We’ll be back at it again the evening of Saturday, March 23 to celebrate Earth Hour. Except this time it will have all of the fun of the power outage without the worry of pipes freezing.This is the seventh year for Earth Hour, a global environmental event that continues to gain momentum. Hundreds of millions of people around the globe now celebrate Earth Hour as a pledge to do more to help combat climate change, the single greatest threat to our planet.
It’s the largest environmental grass roots initiative in history and is using sheer numbers to affect political change, especially with this year’s global “I will if you will” challenge. From protecting Russia’s forests to organizing beach clean ups, the new online forum to make environmental pledges is a fun way to connect with and support likeminded people from around the world. It’s also serving to turn the inspiration of one hour into everyday actions. Visit www.earthhour.org to take part in the global challenge. Watch the “I will if you will” video if you’re in need of encouragement.
Turning out the lights during Earth Hour is more symbolic than a way to actually curb electricity use and reduce carbon emissions for an hour. The point is that celebrating in the dark is a thought provoking way to ignite change by getting people to think about their impact on the planet.
It’s also lots of fun, just like my daughter’s candlelit birthday party was magical in its own simple way.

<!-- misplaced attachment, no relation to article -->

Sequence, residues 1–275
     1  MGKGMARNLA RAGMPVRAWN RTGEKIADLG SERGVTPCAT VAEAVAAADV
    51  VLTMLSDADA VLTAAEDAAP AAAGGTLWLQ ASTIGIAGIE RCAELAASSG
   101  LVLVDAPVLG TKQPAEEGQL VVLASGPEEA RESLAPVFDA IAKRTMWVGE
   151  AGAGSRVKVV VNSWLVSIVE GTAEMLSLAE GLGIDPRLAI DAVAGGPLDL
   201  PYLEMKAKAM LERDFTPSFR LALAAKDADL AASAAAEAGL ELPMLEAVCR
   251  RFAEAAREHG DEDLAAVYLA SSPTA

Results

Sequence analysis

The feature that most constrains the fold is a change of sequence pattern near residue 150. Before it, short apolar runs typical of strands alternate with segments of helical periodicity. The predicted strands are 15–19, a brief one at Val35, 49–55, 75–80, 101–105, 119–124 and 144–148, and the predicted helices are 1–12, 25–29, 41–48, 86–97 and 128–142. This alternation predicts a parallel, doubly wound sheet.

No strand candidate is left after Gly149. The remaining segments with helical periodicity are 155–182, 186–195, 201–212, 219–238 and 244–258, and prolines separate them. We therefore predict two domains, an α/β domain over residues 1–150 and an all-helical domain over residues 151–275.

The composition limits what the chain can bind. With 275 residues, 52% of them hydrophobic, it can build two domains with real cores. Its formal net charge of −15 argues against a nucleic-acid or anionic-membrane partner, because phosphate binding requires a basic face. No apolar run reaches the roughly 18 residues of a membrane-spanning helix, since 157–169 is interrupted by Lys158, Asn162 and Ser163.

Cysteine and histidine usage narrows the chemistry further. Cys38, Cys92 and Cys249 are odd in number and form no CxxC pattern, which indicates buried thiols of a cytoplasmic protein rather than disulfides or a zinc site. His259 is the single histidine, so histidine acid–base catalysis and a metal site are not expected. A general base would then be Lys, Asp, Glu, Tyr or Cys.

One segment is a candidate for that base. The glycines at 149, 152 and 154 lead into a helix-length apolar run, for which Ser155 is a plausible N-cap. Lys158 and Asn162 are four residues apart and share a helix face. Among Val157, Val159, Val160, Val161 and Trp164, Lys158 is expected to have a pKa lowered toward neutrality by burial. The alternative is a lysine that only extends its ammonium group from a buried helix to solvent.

If you’re looking for more ways to celebrate, World Wildlife Federation offers dozens of suggestions (www.wwf.ca). Here are some of my favourites:
- Candlelit dinners or pot lucks. Encourage people to bring non-cooked dishes, or dishes made with locally grown or produced ingredients. (You’d be surprised what local food you can find, from meat and poultry to root vegetables and dairy products.) Choose a vegetarian meal if you want a more eco-friendly meal.
- Make s’mores by the fireplace or woodstove.
- Play games by candlelight. Board games and card games are extra fun when the lights are out.
- Glow-in-the dark party. Have your guests wear old neon clothing and hand out glow sticks.
- Play hide and seek in the dark. This is my kids’ favourite and the added challenge of total darkness makes it extra fun. Flashlight tag is another option.
- Keep an ear open for local restaurants that might be celebrating Earth Hour.
This year’s Earth Hour celebration is Saturday, March 23 from 8:30 to 9:30 local time. Register your participation on the WWF website (www.wwf.ca).